The first suspected U.S. case of a patient getting the new coronavirus through "community spread" — with no history of travel to affected areas or exposure to someone known to have the COVID-19 illness — was left undiagnosed for days because a request for testing wasn't initially granted, according to officials at UC Davis Medical Center in Sacramento, Calif.
The patient in Northern California is now the 60th confirmed case of the coronavirus in the United States. The Centers for Disease Control and Prevention disclosed the latest case Wednesday evening, as President Trump assigned Vice President Pence to lead the administration's response to the disease.
"This case was detected through the U.S. public health system — picked up by astute clinicians," the CDC said in a brief statement about the new patient.
UC Davis included more details about the case in its own statement, drawing on an email sent to staff at its medical center. It said the CDC initially ruled out a test for the coronavirus because the patient's case didn't match its criteria.
"UC Davis Health does not control the testing process," the hospital noted.
The new patient, who lives in Solano County and has not been identified, was transferred to UC Davis Medical in Sacramento County from another hospital this month. Staff at UC Davis then suspected the patient might be infected with the coronavirus that has caused more than 2,800 deaths.
"Upon admission, our team asked public health officials if this case could be COVID-19," the hospital said. "We requested COVID-19 testing by the CDC, since neither Sacramento County nor CDPH [California Department of Public Health] is doing testing for coronavirus at this time. Since the patient did not fit the existing CDC criteria for COVID-19, a test was not immediately administered. UC Davis Health does not control the testing process."
Health and Human Services Secretary Alex Azar said Thursday morning that the CDC is streamlining the process it uses to test for the coronavirus across the country, saying it will spread the new process to all of its labs.
Azar said all of the CDC's network of nearly 100 public labs will soon be using the modified process. The next step, he said, is to develop a "bedside diagnostic" that doctors and hospitals could use. He did not give details about when that might occur.
The UC Davis hospital says that when the patient arrived at its facility, the person "had already been intubated, was on a ventilator, and given droplet protection orders because of an undiagnosed and suspected viral condition." Those details were reported by local TV station KCRA, which said the email to hospital staff noted that the patient was transferred to UC Davis on Feb. 19.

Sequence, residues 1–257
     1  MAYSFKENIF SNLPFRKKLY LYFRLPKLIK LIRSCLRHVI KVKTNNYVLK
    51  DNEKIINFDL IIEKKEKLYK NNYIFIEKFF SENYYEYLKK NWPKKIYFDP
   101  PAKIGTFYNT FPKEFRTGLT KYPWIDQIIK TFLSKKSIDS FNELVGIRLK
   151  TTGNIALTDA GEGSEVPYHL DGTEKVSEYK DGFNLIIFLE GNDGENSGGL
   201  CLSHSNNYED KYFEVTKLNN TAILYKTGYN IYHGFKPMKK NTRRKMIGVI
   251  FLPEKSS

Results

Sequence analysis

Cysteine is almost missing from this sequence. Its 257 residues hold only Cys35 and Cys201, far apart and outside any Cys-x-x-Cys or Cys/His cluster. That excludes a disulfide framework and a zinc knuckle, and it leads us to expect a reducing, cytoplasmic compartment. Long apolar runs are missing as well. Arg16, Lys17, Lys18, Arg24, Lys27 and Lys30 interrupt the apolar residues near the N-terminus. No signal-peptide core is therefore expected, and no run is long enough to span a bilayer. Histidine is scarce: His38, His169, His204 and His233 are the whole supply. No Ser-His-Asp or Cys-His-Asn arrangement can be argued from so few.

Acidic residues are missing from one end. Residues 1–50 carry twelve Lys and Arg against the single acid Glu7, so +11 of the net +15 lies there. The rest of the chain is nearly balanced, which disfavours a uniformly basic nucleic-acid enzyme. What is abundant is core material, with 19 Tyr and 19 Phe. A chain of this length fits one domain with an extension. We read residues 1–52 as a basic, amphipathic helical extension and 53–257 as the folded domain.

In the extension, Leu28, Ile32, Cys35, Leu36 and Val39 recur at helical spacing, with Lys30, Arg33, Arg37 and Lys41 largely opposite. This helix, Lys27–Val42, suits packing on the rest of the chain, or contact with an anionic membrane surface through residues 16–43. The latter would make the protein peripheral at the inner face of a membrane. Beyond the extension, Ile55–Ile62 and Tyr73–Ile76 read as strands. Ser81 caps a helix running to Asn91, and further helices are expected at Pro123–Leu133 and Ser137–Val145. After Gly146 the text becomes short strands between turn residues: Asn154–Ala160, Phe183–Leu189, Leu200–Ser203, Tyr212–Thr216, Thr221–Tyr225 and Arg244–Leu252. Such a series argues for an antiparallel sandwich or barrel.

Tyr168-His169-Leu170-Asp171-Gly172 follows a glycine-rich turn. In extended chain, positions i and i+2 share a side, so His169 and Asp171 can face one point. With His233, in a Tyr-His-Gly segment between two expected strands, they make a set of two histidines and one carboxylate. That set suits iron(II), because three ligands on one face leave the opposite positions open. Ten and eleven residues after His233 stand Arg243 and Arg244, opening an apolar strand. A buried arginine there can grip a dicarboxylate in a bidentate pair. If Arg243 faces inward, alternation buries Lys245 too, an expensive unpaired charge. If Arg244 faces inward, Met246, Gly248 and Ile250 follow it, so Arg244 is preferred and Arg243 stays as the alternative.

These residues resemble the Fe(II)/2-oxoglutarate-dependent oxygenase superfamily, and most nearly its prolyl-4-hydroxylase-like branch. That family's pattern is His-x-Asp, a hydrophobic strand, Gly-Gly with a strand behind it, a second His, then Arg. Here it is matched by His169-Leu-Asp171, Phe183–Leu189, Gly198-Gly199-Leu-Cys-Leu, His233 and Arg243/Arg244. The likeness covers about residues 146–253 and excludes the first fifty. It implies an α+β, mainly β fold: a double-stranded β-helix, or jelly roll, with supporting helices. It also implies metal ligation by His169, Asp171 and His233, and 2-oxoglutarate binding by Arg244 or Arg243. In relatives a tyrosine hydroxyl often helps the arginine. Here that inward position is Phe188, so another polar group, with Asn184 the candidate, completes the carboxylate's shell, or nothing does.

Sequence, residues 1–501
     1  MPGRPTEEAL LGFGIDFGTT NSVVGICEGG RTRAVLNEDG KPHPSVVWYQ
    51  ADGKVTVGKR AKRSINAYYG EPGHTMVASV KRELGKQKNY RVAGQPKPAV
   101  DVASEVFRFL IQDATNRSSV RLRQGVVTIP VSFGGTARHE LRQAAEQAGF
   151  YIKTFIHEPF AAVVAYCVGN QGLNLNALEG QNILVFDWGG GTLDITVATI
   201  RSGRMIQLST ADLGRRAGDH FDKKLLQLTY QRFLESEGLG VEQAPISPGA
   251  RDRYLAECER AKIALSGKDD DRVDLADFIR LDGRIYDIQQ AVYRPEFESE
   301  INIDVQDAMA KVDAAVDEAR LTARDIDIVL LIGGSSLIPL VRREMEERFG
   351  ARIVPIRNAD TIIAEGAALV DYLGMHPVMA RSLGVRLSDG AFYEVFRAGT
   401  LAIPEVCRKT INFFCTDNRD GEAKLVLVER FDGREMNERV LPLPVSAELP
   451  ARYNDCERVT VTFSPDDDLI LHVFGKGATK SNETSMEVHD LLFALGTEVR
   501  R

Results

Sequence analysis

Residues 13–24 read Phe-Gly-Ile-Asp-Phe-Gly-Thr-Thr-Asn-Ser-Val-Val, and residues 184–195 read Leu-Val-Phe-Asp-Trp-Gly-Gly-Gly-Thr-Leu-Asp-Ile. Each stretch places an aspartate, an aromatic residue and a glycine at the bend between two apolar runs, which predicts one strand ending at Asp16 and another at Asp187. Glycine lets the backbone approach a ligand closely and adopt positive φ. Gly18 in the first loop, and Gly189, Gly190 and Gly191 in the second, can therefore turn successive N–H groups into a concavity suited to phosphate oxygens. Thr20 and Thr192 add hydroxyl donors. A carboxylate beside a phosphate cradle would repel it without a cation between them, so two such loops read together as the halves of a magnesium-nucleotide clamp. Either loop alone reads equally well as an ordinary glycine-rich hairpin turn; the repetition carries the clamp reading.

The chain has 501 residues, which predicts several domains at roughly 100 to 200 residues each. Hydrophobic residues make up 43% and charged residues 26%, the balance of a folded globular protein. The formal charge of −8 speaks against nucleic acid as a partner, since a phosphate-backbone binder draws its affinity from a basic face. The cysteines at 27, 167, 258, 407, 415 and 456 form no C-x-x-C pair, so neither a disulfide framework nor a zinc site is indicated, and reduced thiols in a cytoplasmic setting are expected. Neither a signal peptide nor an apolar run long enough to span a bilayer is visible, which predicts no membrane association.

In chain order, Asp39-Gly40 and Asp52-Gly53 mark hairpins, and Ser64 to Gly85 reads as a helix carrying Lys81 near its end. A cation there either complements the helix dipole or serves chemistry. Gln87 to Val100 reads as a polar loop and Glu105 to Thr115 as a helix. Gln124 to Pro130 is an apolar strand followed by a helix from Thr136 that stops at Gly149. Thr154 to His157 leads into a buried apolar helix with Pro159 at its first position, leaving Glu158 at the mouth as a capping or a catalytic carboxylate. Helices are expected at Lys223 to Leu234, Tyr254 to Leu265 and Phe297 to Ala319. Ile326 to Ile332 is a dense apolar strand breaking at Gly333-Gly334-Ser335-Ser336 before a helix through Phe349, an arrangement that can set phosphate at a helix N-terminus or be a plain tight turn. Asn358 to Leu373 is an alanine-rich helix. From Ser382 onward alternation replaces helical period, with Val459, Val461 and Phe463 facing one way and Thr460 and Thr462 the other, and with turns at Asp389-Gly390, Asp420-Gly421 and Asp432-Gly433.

A UC Davis professor later posted what he said was the email on Twitter.
The CDC ordered COVID-19 testing on Feb. 23 — four days after the patient arrived. The federal agency confirmed that positive test on Wednesday.
"This would be the first known instance of person-to-person transmission in the general public in the United States," the California Department of Public Health said of the case at UC Davis Medical Center.
The state health agency notes that there have been two earlier cases of person-to-person transmission in the U.S. — one in Chicago and one in California's San Benito County — but both of those cases involved close contact with a relative who had recently returned from Wuhan, China, where the virus was first identified.
The CDC has completed more than 3,600 coronavirus tests, Azar said during a congressional budget hearing on Thursday. While he said it hasn't had a testing "backlog," he added that the agency's test has three steps — and that the last step has posed some problems.
"What we found was that in some labs, the third step of that, they were having trouble with getting a quality control validation on that, so it led to inconclusive results," Azar said. "We now, as of yesterday afternoon, the FDA authorized the use of those tests by using just the first and second step."
News of the delay in testing for the coronavirus in the U.S. comes days after federal health officials issued a blunt warning to Americans, saying people should prepare for disruptions in their communities because of the coronavirus. Those disruptions could range from school and business shutdowns to large events being canceled.
"It's not so much a question of if this will happen anymore, but more really a question of when it will happen — and how many people in this country will have severe illness," the CDC's Dr. Nancy Messonnier said.
Reiterating guidance from the CDC and other health agencies, the California Department of Public Health said the primary defense to keep the coronavirus from spreading includes basic steps such as washing hands with soap and water and avoiding close contact with anyone who is sick.
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